While company policy doesn't allow Ball to qualify statements with numbers, the company says benefits have been noted post-implementation, now employees can see historical data and are able to monitor it and react more quickly to trends. And management can track improvements in a given process.
Ball had some special requirements. Lyle said the manufacturer needed to be able to measure the height of a metal can from the base to the top or around the circumference. "The other products they were looking at didn't give them the ability to monitor those within-piece variability items, whether you're talking about wall thickness or can height, if you're doing multiple measurements for the same characteristic on the same piece," says Lyle.
Ball Corp.'s Richmond, BC operation in Metal Food & Household Packaging uses InfinityQS statistical process control software to improve quality, reduce spoilage and control material costs. PHOTOS: BALL CORP.
While InfinityQS is clearly a good fit for food- and beverage-producing industries, the software is also used by pharmaceutical and medical equipment manufacturers, as well as companies in the automotive and aerospace sectors.
In fact the company's roots go back to the aerospace industry. Before Lyle cofounded InfinityQS in 1989, he worked at Hughes Aircraft Co.'s Advanced Circuit Technology Center. Lyle had been designing software to control various manufacturing processes—primarily hardwarerelated ones—and saw a need to improve the way the statistical process control elements were handled. While there were a lot of products competing in this space, from a statistical point of view, they weren't up to the task, he adds.
"It's almost like, you buy a gauge and the gauge is out of calibration and you're using it to monitor your manufacturing process. And based upon what you're reading from that gauge, you're throwing things away," says Lyle. "If you don't use the right statistical tools to do that analysis, you might as well be using a gauge that's out of calibration to make those calculations."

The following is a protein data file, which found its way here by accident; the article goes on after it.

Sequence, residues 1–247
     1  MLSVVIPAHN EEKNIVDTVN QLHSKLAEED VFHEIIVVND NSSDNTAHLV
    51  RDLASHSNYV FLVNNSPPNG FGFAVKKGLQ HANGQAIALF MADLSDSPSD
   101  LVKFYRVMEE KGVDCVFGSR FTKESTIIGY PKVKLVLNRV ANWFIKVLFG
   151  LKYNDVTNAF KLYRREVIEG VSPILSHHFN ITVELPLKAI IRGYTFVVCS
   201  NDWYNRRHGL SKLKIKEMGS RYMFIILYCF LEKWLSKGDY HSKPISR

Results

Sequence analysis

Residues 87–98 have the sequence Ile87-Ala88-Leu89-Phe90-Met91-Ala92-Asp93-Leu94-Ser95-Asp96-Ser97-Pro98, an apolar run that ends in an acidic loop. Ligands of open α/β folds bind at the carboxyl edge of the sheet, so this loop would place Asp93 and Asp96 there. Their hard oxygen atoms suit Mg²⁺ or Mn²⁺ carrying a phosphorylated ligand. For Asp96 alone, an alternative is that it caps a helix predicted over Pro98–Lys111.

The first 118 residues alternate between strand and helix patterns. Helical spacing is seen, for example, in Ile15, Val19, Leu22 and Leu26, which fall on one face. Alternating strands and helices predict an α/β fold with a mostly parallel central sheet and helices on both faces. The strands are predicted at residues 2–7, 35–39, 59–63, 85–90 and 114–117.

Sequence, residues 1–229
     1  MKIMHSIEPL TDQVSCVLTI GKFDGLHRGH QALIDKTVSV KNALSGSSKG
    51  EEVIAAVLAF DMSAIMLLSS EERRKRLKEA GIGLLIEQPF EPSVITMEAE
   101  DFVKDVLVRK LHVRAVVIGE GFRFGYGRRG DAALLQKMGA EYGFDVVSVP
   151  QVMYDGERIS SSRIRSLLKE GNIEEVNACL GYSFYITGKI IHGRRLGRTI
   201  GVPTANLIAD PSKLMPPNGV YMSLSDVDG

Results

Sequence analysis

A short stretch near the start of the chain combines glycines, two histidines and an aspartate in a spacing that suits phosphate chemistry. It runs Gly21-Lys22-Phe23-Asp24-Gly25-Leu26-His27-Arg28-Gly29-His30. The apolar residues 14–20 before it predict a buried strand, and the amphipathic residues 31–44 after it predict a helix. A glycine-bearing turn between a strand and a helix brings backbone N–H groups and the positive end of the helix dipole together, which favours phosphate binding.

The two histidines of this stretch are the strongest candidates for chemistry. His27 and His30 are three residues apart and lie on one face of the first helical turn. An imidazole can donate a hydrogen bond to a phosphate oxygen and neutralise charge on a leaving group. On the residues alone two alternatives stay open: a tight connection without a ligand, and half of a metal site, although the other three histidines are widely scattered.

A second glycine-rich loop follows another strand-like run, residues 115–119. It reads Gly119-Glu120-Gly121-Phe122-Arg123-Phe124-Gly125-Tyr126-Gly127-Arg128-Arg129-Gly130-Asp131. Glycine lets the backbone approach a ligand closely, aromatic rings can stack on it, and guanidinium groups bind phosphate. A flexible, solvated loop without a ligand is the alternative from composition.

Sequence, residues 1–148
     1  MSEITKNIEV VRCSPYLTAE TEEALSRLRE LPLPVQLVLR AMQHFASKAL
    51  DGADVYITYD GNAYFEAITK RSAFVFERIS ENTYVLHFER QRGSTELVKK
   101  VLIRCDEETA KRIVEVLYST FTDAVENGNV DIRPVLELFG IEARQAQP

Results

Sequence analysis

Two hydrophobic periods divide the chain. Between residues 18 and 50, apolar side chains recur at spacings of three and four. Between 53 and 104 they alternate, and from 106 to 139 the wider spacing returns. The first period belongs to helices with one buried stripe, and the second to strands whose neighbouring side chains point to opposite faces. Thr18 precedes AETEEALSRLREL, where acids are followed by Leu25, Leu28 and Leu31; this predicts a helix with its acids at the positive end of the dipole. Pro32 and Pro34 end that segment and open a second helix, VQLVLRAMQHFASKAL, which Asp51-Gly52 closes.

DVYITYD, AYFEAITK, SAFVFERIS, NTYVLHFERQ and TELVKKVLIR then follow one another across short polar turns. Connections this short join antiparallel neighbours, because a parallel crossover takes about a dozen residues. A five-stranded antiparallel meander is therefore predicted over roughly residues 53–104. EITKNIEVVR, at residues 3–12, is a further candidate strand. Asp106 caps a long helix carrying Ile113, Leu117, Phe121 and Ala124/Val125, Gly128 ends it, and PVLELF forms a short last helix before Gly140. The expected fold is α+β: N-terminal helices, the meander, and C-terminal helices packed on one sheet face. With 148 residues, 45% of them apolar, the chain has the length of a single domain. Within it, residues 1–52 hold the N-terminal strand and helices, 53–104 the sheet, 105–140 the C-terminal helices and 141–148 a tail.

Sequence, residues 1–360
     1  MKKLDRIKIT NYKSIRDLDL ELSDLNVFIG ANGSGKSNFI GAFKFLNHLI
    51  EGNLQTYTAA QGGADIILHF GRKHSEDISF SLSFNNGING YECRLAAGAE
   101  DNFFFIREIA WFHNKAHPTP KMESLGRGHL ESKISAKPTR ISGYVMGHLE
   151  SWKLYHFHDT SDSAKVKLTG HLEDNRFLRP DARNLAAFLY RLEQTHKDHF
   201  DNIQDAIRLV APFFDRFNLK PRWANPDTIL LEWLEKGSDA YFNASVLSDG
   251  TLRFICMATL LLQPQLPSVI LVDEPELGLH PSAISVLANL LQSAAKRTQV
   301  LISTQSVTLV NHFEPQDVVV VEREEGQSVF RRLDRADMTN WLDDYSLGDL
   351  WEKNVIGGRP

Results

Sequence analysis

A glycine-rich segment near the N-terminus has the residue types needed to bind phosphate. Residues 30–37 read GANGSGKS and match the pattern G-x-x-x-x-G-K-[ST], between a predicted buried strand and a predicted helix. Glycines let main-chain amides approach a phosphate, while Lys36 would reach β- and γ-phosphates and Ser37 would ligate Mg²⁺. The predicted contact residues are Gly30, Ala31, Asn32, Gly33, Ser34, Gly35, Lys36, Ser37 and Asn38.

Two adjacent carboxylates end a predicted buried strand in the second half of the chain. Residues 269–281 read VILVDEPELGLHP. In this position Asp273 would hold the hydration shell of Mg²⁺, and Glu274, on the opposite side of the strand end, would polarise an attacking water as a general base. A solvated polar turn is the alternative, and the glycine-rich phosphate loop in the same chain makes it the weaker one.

The development of InfinityQS was only a starting point for the company. Even good products don't sell themselves, so one of InfinityQS's ongoing challenges is helping manufacturers see the opportunities for improvement that exist on the quality side. "Occasionally customers have problems getting their people to understand that monitoring and doing all these things really does improve the bottom line, and really does improve the manufacturing process," he explains.
It is also possible to hook InfinityQS to manufacturers' enterprise resource planning (ERP) systems. Lyle says while a lot of customers have tied directly into their ERP systems, such systems really exist in the front office, while InfinityQS begins its data collection techniques on the production floor, pushing the information up.
And users don't need to buy separate business intelligence software to analyze and report on quality. They apply the fairly extensive analysis and reporting capabilities of InfinityQS and quickly generate a certificate of analysis, if a customer requires it.
For Ball Corp., InfinityQS has been critical in its quest to shorten response times to its clients. "Being close to our customers and understanding their needs is one of the keys to our success," says Graham.
Ball now has the tools it needs to gather critical data and report to clients in a timely manner. If product quality starts to drop, Ball will find out right away, so employees can react sooner rather than later.
Adam Pletsch, former editor of IT For Industry, is a Toronto-based freelance writer and editor.